TribLIVE

| Neighborhoods

 
Larger text Larger text Smaller text Smaller text | Order Photo Reprints

Phone scam targets North Belle Vernon 7-Eleven

Email Newsletters

Click here to sign up for one of our email newsletters.

Daily Photo Galleries

'American Coyotes' Series

Traveling by Jeep, boat and foot, Tribune-Review investigative reporter Carl Prine and photojournalist Justin Merriman covered nearly 2,000 miles over two months along the border with Mexico to report on coyotes — the human traffickers who bring illegal immigrants into the United States. Most are Americans working for money and/or drugs. This series reports how their operations have a major impact on life for residents and the environment along the border — and beyond.

Friday, Sept. 6, 2013, 12:36 a.m.
 

A North Belle Vernon business lost more than $1,000 following a sophisticated phone scam.

North Belle Vernon police are investigating the scam, which was phoned into the 7-Eleven convenience store on Fayette Avenue last week.

Clerk Erin Cooper told police that at approximately 11:30 p.m. Aug. 28, she received a phone call from a man claiming to be from the corporate office, giving her the store's identification number.

He spoke with an accent, but spoke “good English,” Cooper told police.

The caller told Cooper that required sales tax was not being added to purchases made with credit and debit cards.

Police said the man instructed Cooper to ring up and cash out a cigarette lighter. The manthen provided her with the receipt's transaction number, further proving to the clerk the call was legitamit.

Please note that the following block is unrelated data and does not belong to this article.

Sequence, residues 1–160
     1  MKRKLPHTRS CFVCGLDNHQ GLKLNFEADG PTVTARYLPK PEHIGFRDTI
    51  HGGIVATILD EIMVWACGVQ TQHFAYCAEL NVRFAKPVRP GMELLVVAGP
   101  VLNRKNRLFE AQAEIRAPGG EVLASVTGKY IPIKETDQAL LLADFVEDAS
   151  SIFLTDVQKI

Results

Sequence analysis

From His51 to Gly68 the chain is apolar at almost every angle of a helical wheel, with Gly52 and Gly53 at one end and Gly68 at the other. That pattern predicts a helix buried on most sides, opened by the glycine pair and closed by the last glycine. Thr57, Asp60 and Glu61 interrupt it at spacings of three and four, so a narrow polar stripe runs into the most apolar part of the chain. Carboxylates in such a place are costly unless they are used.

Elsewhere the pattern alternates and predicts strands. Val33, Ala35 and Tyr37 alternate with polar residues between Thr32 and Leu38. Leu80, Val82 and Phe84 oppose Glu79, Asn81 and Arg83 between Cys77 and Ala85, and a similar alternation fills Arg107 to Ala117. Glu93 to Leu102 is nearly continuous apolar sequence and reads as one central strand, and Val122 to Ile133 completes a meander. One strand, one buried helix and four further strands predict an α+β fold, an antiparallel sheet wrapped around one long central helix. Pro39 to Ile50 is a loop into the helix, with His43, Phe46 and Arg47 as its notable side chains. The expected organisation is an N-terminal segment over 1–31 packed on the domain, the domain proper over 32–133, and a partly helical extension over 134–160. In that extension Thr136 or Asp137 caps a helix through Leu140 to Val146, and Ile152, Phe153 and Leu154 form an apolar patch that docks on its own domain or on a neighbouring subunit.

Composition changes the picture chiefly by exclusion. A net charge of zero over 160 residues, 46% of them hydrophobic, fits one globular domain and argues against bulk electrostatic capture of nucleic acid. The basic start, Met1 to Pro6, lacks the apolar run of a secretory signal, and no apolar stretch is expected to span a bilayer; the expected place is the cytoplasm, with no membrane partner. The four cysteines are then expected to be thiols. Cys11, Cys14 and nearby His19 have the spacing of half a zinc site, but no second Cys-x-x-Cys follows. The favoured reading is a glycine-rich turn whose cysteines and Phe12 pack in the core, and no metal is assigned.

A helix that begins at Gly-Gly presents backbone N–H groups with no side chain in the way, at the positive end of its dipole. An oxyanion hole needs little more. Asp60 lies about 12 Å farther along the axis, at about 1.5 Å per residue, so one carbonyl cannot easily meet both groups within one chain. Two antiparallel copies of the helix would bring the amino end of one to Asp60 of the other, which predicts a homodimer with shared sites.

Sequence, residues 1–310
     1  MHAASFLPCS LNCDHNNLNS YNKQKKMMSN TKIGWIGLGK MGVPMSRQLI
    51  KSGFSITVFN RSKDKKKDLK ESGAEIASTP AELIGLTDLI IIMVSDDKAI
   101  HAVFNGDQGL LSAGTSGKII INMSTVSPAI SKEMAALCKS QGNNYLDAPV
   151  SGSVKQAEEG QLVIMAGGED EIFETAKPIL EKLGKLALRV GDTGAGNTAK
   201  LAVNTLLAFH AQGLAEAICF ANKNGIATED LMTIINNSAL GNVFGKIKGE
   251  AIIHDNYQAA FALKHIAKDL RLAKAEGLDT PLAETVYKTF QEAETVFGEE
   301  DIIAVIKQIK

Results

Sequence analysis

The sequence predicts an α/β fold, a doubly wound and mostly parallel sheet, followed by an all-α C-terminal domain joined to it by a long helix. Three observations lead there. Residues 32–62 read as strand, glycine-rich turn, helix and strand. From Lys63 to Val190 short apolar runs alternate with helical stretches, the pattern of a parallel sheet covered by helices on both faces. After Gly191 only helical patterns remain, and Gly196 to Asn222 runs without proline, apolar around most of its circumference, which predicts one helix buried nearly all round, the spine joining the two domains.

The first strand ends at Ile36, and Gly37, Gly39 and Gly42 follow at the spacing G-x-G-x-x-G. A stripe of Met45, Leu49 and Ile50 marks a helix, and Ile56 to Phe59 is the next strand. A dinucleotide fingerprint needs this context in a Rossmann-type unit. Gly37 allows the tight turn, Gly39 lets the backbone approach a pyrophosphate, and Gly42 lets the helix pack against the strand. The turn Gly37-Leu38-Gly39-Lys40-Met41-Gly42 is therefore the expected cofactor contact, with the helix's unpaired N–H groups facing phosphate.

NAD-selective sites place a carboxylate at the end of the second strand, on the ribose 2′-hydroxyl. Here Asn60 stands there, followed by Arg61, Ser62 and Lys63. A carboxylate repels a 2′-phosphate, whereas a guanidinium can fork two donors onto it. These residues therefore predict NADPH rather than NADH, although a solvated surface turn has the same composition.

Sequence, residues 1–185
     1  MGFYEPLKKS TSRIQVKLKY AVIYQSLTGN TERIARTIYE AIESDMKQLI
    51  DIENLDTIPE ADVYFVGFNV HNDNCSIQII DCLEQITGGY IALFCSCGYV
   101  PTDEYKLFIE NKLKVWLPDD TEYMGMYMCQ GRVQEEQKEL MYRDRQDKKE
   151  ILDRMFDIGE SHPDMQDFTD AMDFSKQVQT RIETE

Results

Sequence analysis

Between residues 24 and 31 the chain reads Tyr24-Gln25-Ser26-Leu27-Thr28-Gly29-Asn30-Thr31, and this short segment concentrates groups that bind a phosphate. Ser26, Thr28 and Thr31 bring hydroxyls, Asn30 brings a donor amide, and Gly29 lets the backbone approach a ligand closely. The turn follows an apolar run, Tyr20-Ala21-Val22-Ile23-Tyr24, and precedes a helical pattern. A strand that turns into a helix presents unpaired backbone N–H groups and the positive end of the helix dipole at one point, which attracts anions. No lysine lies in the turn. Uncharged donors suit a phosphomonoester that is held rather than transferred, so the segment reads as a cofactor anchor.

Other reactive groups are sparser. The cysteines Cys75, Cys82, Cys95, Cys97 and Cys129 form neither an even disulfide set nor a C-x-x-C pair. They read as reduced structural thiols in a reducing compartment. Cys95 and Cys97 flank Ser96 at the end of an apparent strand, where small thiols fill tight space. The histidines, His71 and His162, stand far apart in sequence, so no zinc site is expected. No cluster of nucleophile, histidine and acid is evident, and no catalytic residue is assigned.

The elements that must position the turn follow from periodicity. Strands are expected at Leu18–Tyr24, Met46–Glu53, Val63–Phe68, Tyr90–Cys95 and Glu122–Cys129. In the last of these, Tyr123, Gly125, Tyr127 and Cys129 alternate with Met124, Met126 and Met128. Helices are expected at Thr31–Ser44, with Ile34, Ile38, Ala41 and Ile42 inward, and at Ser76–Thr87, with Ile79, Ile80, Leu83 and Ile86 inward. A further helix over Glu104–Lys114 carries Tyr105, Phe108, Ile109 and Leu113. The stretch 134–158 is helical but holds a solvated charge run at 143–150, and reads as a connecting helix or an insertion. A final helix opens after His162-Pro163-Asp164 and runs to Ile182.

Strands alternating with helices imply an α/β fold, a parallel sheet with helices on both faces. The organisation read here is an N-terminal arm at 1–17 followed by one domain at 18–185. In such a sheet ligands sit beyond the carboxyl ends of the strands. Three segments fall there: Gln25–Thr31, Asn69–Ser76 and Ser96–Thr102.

Cooper told police she loaded a pre-paid debit card with $499.99, and gave the caller the Personal Identification Number at his instruction.

The man then told her there was an error, and code and asked her to load another $499.99 pre-paid card. She again gave him the PIN number, police said.

Cooper became suspicious after the caller said there was another error and he needed her to activate two more pre-paid cards.

The clerk said she needed to call her manager before activating two more cards.

That's when the man immediately hung up, Cooper told police.

She told police she received a phone call from In-Comm, the company that manages the pre-paid debit cards, to verify the two debit card transactions because the balances on both of the cards activated by Cooper were immediately transferred to another card.

“That was when she realized the guy wasn't who he said he was,” police Chief Jim Bedsworth said.

In-Comm advised Cooper that she provided the man the PIN numbers, which allowed the balances to be transferred. She was then advised to contact police.

“Whether it was a matter of their computers being hacked or someone going in and getting a transaction number just before the ones he gave the clerk, who knows,” Bedsworth said, adding that he thinks the scam originated beyond U.S. borders. “Something happened, though, for him to have that information. We're looking into it.”

The store's loss in the incident totaled $1,007.88, which included the amounts loaded on to the cards and their $3.95 retail price, police said.

Jeremy Sellew is a staff writer for Trib Total Media. He can be reached at jsellew@tribweb.com or 724-684-2667.

Subscribe today! Click here for our subscription offers.

 

 


Show commenting policy

Most-Read Mon Valley

  1. 7 Up distributed from two Charleroi sites
  2. Director opposes increased cost of Ringgold project
  3. N. Belle Vernon man jailed after police station visit
  4. Monessen police, family looking for 17-year-old girl
  5. Monessen residents angry about blight
  6. 2 men nabbed in Donora drug sting
  7. House fire claims life of Monongahela man
  8. Watch out for computer scams, identifty theft
  9. Belle Vernon girl tops in cyber charter school class
  10. Ramp helps wheelchair users enjoy activities on waterway in Marianna
  11. Mishandled ashes buried in Charleroi Cemetery